Brazil’s Pix is Coming for the Card Industry

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    The real-time payment system Pix is competing with the card networks. How should they react?

    Brazil's Pix Impacts the Card Industry
    Lindsay Lehr photo

    Lindsay Lehr

    Managing Director

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    Cesar Boralli

    Associate Managing Director

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    Nearly two years ago, when speaking at an event about the transformation potential of Pix and the open finance framework, Brazil’s Central Chairman Roberto Campos Neto said1 that “credit cards will cease to exist at some point soon.” In personal conversations with acquirers and bankers in the Asia Pacific region this year, we heard comments like, “soon there will be no more international card schemes,” and “cards be a tool only for travel, no longer used for domestic purchases.” These comments are startling, considering the entrenched nature of card networks, acquirers and issuers. And yet this reality appears to be coming closer and closer, particularly in Brazil, with every historic milestone achieved by Pix.

    Brazil’s card industry seems to have already come to terms with the loss of market share to Pix. For 2024, Abecs sees2 the debit card “moving sideways,” growing only between 0.4% and 0.7% compared to the previous year. This trend is consistent globally: Visa earnings reports reveal that its debit volume has been in monthly decline since February 2024.3

    The numbers around Brazil’s RTP are indeed superlative. Central Bank data shows that over 40% of all payments in the country are currently made through Pix. The system is used by more than 90 percent of the adult population, has over 15 million businesses and moves 20% of the country’s total transactional volume.

    Cards, direct debit transactions vs. Pix (in BRL billion)

    As it gains new features, Pix will continue to cut into banks’ interchange revenues and compete with the card industry, not only in terms of ‘stealing’ transactions from these legacy players but by allowing a new stack of solutions to be built on top of its scheme. What the Brazilian Central Bank created is a new payment rail that allows for fewer intermediaries and, therefore, for cheaper solutions.

    For example, the system is set to launch in the second half of this year a new feature called “Automatic Pix,” which will enable the system’s auto-debit function, allowing users to authorize the payment of utility bills and recurring services with direct debits from their bank accounts. This feature’s potential to replace other forms of debit is enormous, not to mention credit cards: the number of direct debit transactions (automatic debit authorization that people in Brazil often use to pay utility bills, taxes, etc.) grew from 4.2 billion in 2012 to 10.5 billion in 2023.4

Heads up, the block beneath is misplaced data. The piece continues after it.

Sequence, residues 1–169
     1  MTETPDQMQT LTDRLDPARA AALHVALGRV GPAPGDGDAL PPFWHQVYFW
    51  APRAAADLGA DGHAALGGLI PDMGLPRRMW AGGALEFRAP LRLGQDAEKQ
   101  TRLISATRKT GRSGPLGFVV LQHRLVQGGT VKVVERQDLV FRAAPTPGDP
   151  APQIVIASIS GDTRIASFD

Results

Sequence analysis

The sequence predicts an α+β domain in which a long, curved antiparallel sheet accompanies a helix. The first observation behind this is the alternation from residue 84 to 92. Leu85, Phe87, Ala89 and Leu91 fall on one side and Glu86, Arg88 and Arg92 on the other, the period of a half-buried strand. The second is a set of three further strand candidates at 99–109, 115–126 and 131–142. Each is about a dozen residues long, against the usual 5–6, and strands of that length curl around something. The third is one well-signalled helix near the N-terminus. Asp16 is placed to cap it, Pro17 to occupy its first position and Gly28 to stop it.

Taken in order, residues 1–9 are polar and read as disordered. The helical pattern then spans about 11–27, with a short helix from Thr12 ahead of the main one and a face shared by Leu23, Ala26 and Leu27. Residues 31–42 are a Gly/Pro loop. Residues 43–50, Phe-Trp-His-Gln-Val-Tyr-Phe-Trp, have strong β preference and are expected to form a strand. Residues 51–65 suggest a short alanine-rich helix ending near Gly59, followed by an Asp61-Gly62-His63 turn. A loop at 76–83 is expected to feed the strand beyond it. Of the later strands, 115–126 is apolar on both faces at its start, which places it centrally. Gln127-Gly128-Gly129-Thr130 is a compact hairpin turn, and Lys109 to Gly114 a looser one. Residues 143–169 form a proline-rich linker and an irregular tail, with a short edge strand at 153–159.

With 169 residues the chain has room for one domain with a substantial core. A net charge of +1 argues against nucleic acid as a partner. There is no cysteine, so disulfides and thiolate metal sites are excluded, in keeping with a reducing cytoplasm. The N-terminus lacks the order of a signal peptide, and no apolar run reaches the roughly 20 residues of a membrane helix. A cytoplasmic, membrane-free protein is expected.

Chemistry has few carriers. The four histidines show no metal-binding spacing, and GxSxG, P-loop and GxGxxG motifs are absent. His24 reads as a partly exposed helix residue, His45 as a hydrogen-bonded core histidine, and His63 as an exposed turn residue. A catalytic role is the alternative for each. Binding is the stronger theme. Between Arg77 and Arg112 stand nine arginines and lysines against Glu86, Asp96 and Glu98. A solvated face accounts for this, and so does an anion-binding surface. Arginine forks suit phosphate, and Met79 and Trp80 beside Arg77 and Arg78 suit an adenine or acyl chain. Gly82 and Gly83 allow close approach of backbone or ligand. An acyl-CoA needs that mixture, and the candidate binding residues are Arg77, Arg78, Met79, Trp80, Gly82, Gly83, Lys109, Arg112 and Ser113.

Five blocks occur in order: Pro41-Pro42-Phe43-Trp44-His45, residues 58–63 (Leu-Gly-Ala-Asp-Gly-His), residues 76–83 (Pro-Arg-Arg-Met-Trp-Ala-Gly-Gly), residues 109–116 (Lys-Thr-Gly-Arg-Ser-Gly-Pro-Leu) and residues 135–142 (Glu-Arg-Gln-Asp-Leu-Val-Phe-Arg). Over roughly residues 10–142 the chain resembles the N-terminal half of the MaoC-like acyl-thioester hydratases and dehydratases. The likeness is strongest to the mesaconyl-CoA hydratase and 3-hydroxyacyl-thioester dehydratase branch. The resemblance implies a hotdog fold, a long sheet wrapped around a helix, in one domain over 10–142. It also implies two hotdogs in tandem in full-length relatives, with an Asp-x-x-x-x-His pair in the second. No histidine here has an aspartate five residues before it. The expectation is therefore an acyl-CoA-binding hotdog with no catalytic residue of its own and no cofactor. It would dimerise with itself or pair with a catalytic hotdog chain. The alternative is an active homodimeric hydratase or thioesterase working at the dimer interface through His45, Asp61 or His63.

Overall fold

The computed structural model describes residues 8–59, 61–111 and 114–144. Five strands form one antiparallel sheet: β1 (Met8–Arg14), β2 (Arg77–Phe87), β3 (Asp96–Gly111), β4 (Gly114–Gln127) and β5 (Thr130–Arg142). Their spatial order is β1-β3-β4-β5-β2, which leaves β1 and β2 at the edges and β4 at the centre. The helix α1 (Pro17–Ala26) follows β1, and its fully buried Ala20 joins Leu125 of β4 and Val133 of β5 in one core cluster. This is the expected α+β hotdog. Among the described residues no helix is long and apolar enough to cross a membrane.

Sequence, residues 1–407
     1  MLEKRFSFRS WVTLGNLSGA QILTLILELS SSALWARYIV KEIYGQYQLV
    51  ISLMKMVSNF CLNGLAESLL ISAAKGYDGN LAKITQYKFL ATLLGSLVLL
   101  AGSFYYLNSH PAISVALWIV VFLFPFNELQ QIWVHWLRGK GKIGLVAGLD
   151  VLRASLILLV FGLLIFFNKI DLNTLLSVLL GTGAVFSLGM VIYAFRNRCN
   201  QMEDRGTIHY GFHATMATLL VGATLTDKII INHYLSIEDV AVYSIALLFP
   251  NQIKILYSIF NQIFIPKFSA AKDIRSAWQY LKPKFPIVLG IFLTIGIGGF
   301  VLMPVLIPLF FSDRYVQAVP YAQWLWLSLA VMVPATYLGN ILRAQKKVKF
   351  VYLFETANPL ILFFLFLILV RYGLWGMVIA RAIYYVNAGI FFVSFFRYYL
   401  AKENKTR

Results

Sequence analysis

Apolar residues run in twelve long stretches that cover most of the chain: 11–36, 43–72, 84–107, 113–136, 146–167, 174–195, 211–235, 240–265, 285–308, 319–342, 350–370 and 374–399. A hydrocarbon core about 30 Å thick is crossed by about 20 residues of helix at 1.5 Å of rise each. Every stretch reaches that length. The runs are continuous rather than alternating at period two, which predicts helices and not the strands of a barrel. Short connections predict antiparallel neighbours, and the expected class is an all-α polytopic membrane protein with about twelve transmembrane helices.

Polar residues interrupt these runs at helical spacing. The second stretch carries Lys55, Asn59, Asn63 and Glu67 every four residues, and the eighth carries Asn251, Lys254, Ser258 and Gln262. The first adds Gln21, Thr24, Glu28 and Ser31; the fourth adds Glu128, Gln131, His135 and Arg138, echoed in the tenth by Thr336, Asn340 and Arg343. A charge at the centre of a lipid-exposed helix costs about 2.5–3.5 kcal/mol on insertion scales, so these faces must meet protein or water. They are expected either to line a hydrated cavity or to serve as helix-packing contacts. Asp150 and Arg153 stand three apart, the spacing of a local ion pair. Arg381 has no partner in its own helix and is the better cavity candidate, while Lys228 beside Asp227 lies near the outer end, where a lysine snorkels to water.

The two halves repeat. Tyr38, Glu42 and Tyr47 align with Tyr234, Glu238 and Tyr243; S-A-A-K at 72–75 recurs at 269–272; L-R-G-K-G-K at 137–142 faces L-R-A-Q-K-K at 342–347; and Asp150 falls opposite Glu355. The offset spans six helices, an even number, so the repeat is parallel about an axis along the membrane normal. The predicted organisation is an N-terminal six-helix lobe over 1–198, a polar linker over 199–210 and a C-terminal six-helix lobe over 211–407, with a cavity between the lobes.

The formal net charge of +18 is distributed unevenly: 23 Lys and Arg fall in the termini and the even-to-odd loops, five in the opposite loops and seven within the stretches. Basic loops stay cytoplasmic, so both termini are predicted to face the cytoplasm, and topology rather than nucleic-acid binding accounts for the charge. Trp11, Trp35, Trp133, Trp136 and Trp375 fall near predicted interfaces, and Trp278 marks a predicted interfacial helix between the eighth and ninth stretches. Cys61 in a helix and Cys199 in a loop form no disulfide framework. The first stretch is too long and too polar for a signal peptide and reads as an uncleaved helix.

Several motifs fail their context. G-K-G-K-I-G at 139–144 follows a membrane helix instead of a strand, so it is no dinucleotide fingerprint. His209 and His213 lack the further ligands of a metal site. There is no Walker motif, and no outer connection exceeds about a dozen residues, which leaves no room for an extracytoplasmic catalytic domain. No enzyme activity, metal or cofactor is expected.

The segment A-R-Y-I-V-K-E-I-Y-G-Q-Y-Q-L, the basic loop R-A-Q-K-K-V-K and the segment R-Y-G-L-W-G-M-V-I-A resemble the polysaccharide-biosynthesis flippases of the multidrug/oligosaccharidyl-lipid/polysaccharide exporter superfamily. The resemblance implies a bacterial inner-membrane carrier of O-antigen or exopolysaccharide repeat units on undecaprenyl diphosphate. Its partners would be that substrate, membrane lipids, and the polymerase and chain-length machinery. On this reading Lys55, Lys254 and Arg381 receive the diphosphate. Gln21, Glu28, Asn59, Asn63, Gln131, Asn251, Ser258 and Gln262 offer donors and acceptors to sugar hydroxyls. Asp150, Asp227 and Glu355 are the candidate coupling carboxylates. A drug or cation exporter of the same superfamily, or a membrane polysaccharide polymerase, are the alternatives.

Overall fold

What should the card industry do about Pix?

    Automatic Pix will handle a series of bill payments and transactions that card networks seem to be ignoring. Pix is growing much faster than credit and debit card volumes and what the card schemes are banking on—that fraud and customer protection concerns will slow Pix growth—has yet to transpire. This begs the very serious question, what should the card industry do?

    The main thing Visa and Mastercard are doing already is attempting to compete directly with RTPs, especially in the cross-border space, where they have a competitive advantage. They are both heavily investing in money movement solutions, including Visa Direct and Mastercard Move, aiming to capture non-cardable flows.

    The question PCMI poses is: should this be their primary strategy? Can money movement solutions depending on intermediaries really compete with centralized RTP schemes, especially in a market like Brazil, where Pix is already a universal reality?

    In PCMI’s view, to compete with real-time, mobile-forward payment schemes in Brazil and beyond, companies like Visa and Mastercard (and any legacy player under threat) have three paths to follow:

    1. Do nothing and keep things as they are. There is an argument to be made for this. Despite the worldwide growth of RTP schemes, they are only achieving mega-scale in India and Brazil, while at the same time, card volumes continue to grow. Both leading schemes had impressive financial results in the beginning of Q1 2024. If a rising tide lifts all ships, the growth of digital payments will expand card volumes even as competing solutions also blossom.

    2. Improving existing products while applying them in new ways. This refers to playing the infrastructure game: while maintaining their traditional businesses and revenue streams, they can venture into helping issuers and governments scale real-time payment schemes. It also means embedding new technology to improve the card payment UX and embed card payments in increasingly niche commerce opportunities.

    3. Reinvent themselves, opening new companies focused on other financial businesses, which could include becoming data & digital identity service providers, creating their own wallets, or evolving into financial institutions. This implies breaking the famed B2B2C model, serving end users directly, and going head-to-head with banks and BigTech (but this is a topic for a future article).

    A lot of #2 is already taking place at the global level. In the Visa Payments Forum that took place in San Francisco on May 14-16th, the company announced the rollout of several new products, including:

    • Visa Flexible Credential, a single card product that will allow users to toggle between different payment methods.

    • Tap to Everything, enabling more functionalities when using Tap to Phone, like ID authentication, adding a card to a wallet, and P2P transactions.

    • Visa Payment Passkey Service, a new security product that “confirms a consumer’s identity and authorizes online payments with a quick scan of their biometrics like a face or fingerprint.”

    • Pay by Bank, via Tink, an open banking enabling acquired by Visa in This is Visa’s open banking solution in 2021, set to expand from Europe into the US market.